Paris Prints

Author:  Autumn

I had the opportunity to spend a glorious eight days alone in Paris last spring and took lots of photos of different angles of buildings and statues.  At the time I didn’t quite know what I would do with them other than keep them with my other travel photos on a CD.

 

These are the giclee prints I saw in Ballard’s catalogue.

Well, fast forward to this winter and the purchase of our new townhouse.  One of the features that I love about it is the wet bar located between the kitchen and the great room.  It almost could pass as a butler’s pantry.  The area has a mirrored backdrop and glass shelves that are not my thing, but I really want to work with what I was dealt. We will be replacing the ugly orange countertop and stainless steel bar sink during our current remodeling project.  I am excited to have the bar because it will keep guests out of the kitchen when we are entertaining. But what could I do to enhance its looks?

One day when I walked past the bar, I got the idea of getting some of the Paris photos printed in black and white and framing them in plain black frames.  I thought they might look nice placed randomly on the shelves along with a jar of corks, wine glasses, my crystal wine stopper collection, etc.

These are the six prints that I selected.  I wanted both buildings and statues and both vertical and horizontal.

Well, this week when I was catching up on my mail after being away for a month, I discovered that I wasn’t the only one thinking about Paris artwork.  In the Ballard’s catalog, I saw giclee prints of vintage postcards highlighting Paris’ most popular attractions.  They were priced at $159.00 each or two for $299.00.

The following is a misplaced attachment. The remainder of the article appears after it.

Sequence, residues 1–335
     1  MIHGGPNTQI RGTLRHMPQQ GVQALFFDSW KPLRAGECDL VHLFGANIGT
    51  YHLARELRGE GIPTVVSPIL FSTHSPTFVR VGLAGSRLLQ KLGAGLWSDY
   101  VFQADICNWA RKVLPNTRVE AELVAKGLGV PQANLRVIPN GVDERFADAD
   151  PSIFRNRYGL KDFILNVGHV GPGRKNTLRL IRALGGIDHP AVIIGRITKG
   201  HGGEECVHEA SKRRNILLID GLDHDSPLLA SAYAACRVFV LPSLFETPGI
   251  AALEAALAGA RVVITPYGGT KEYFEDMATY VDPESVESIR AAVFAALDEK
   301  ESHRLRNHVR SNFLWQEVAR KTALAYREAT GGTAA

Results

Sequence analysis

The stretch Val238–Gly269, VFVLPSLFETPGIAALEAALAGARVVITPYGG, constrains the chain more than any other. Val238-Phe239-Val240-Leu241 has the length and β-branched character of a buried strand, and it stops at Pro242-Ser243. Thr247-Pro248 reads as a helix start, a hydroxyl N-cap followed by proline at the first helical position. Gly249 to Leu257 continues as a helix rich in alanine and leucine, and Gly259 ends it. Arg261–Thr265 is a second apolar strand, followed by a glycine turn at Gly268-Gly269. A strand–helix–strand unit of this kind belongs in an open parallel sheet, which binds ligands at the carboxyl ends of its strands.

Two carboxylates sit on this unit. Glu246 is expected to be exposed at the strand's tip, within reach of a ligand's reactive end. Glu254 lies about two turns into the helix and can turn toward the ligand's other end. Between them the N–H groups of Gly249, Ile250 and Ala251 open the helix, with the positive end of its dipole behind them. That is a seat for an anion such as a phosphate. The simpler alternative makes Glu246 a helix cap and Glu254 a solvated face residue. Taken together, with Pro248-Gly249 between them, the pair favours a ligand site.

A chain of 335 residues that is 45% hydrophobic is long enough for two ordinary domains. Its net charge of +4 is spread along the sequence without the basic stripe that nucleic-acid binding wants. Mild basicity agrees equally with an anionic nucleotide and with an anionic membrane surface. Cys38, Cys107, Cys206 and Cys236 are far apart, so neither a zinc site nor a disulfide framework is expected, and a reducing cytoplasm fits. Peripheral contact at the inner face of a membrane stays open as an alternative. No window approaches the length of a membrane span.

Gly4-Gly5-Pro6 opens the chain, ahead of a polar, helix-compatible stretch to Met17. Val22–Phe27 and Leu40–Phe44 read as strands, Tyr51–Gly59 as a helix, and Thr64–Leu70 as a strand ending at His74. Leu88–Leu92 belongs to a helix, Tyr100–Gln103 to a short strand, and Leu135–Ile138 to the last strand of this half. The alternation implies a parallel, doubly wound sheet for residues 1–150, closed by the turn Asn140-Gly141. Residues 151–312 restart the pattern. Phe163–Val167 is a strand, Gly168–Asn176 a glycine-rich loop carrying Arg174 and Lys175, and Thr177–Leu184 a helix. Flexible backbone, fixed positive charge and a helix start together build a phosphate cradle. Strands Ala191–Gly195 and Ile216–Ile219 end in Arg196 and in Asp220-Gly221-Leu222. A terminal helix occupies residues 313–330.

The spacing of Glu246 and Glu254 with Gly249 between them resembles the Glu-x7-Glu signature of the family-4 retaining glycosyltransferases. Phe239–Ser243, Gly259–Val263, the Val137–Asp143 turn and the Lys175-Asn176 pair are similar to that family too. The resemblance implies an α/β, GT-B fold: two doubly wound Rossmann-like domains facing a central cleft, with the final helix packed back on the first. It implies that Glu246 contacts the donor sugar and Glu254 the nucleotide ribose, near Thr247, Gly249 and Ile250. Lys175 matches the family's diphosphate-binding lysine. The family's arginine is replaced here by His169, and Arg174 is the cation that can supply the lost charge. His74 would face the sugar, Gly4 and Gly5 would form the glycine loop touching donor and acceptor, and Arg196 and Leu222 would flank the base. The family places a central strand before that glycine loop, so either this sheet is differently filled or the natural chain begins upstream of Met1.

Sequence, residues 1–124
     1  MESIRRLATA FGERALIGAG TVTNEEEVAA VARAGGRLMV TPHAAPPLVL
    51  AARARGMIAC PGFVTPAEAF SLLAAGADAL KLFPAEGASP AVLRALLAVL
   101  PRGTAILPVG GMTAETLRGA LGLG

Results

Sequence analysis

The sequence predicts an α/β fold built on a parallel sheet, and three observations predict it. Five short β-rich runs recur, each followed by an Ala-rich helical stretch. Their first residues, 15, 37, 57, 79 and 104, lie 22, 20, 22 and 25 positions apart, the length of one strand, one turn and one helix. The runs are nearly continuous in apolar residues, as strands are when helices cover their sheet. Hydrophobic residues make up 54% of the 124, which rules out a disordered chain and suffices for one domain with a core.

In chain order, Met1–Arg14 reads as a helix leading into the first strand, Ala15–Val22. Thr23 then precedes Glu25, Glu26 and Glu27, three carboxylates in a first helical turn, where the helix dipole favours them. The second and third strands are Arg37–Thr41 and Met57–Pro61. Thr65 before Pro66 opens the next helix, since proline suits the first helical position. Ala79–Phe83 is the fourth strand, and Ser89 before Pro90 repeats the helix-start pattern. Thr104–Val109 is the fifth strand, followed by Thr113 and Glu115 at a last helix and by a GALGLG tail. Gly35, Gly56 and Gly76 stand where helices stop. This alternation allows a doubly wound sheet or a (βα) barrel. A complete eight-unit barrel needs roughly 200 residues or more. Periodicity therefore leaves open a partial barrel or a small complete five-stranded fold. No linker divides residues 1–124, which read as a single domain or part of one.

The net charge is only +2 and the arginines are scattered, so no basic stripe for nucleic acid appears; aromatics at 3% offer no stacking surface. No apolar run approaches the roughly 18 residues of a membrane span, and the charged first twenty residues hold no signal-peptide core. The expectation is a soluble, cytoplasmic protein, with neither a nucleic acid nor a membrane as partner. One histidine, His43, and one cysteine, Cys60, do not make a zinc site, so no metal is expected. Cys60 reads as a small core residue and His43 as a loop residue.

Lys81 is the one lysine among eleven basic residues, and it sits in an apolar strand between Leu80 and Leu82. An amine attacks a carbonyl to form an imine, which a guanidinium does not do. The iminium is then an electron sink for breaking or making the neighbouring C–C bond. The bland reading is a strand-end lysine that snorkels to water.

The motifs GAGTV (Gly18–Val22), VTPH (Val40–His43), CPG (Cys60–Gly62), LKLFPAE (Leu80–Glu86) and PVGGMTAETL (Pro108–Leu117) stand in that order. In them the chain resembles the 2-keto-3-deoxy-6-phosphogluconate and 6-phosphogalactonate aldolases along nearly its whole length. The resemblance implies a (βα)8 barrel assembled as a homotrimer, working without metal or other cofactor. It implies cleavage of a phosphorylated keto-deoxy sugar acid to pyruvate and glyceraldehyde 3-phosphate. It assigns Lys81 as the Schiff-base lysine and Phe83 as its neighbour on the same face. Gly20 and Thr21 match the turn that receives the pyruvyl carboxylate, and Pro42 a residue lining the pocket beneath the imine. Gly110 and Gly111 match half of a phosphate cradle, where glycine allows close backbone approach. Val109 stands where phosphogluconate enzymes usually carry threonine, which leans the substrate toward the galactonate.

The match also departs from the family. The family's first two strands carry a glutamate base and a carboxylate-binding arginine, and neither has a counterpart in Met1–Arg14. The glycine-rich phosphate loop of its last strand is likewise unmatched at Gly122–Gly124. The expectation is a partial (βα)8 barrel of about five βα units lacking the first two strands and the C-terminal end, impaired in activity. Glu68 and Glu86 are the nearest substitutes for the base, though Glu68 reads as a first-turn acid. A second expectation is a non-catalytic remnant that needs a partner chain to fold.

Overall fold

Wow!  I was so thrilled to see what the final product would look like but shocked at the price.  Meanwhile, I already had gotten my black and white prints made, and all I had to do was wait for Sunday’s papers and the coupons from Michael’s.  I was able to buy six black 8 x 10 frames and six pre-cut mats for around $44.00.  The only difference in Ballard’s and mine is that their frames are 9 x 15 1/4 inches, which would actually be too large for my shelves.

After buying the supplies, I returned home to our rental, spread everything out on the floor, and assembled them effortlessly.

The first two are finished.  Using precut mats and standard frames made the process go quickly.

Two more are complete.

All six are framed, and it took less than 15 minutes.

They really resemble the Ballard’s giclees.  I can’t wait to move in and display them.  When that happens, I will be sure to post a blog showing the revamped bar accessorized with my Paris prints.


Take care.

Linking to The Lettered Cottage

 

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I was not paid by Ballard’s or Michael’s to mention them in this post.